Anglophone countries agree to make urgent reforms

Anglophone countries agree to make urgent reforms


Commonwealth leaders agreed yesterday to a series of reforms they said would prevent the 54-nation bloc sliding into irrelevancy, but divisions over human rights diluted their modernization drive.

Leaders at the Commonwealth Heads of Government Meeting (CHOGM) agreed to establish a charter of common values seen as crucial in directing the organization that represents two billion people from vastly different stages of development.

They also gave more power for the Commonwealth to pressure member nations that are committing human rights abuses or drifting away from democracy. Meanwhile, Australian airline Qantas left tens of thousands of passengers and nearly 20 world leaders in a lurch Oct. 29 after it grounded its entire fleet due to a bitter dispute with airline unions. The decision came as an embarrassment for Prime Minister Julia Gillard who was hosting a Commonwealth leaders’ summit in the remote western city of Perth, 17 of them booked to fly out yesterday with Qantas.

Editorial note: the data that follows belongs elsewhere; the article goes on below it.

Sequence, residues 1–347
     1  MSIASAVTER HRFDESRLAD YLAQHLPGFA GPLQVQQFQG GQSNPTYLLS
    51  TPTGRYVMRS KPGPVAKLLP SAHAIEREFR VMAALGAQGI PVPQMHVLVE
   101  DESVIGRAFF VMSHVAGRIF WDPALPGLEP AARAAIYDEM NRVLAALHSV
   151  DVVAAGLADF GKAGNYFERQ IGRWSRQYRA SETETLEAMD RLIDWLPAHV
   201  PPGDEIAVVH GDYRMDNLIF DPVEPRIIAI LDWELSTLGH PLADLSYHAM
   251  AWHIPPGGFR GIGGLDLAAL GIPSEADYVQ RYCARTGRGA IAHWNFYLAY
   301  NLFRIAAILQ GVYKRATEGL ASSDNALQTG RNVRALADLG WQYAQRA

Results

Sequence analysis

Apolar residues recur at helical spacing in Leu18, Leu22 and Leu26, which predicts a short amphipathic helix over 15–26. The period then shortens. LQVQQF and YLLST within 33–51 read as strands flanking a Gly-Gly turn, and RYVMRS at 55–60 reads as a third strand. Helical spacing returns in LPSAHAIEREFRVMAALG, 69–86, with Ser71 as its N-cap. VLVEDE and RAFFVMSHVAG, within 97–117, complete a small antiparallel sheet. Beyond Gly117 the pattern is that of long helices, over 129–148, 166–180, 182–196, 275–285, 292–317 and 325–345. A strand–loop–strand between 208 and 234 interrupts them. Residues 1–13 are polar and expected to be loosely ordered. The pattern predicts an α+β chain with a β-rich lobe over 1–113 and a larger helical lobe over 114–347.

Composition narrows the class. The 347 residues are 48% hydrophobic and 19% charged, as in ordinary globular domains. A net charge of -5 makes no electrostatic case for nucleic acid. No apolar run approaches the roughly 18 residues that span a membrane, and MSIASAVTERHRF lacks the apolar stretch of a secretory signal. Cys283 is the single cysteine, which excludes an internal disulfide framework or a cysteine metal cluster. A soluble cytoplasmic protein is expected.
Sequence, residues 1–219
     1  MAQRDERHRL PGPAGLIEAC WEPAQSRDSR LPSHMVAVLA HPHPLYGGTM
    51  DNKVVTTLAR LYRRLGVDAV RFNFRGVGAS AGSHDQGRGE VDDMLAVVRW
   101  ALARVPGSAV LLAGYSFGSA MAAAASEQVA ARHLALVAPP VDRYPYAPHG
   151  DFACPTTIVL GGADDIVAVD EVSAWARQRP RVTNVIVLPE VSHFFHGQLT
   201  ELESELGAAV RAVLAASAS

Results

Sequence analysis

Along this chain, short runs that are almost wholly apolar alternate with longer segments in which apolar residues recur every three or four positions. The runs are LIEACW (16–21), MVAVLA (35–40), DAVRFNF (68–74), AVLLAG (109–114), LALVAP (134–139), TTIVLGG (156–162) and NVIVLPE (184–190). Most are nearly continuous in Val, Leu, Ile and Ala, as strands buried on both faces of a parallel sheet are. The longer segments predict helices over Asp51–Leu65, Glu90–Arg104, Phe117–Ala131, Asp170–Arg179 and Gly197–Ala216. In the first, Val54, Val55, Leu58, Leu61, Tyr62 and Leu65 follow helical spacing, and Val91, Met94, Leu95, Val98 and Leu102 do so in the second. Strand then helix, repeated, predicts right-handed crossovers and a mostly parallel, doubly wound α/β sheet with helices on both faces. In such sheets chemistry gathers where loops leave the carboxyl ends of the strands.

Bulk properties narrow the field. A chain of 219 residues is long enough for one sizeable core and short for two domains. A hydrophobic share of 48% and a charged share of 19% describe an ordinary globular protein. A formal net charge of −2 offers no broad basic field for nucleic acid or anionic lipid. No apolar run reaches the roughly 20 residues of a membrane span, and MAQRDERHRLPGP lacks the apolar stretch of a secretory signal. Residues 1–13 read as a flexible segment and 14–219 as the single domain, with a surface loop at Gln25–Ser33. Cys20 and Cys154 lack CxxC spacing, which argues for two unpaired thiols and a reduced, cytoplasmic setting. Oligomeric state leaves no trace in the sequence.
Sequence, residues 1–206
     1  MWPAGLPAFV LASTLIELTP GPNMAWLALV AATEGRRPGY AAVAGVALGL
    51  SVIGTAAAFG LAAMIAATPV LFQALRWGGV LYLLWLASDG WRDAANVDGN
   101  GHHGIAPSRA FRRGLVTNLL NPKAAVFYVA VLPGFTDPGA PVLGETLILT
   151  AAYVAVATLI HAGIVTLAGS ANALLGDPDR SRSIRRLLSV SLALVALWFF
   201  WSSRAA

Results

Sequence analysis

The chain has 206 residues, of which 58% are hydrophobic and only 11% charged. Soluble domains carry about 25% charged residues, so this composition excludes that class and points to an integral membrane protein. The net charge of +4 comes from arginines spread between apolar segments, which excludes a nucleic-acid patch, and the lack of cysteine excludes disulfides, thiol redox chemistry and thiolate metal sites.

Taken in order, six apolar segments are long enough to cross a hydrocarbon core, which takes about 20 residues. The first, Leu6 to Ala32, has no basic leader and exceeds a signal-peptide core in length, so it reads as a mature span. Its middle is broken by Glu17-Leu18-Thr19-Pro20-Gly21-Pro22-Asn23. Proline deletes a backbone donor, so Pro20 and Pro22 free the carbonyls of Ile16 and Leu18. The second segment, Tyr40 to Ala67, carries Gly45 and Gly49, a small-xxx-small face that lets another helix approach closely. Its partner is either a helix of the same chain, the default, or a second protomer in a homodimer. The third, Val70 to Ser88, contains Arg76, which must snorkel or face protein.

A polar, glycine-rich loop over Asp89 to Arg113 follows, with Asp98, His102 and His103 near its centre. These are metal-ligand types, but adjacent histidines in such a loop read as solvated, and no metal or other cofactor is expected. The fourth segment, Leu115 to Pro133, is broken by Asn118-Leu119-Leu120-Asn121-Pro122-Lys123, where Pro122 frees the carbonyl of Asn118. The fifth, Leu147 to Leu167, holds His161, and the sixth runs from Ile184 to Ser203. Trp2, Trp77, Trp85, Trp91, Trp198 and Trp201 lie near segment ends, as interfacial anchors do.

Unions, from pilots to caterers, have taken strike action since September over pay and to oppose Qantas plans to cut its soaring costs, as it looks at setting up two new airlines in Asia and cutting back financially draining long-haul flights. The government asked for a special labour tribunal hearing to end the industrial action by both unions and Qantas. A late night hearing was adjourned until later yesterday. If it orders an end to the industrial action, Qantas is expected to start flying again.

Compiled from AFP and Reuters stories by the Daily News staff.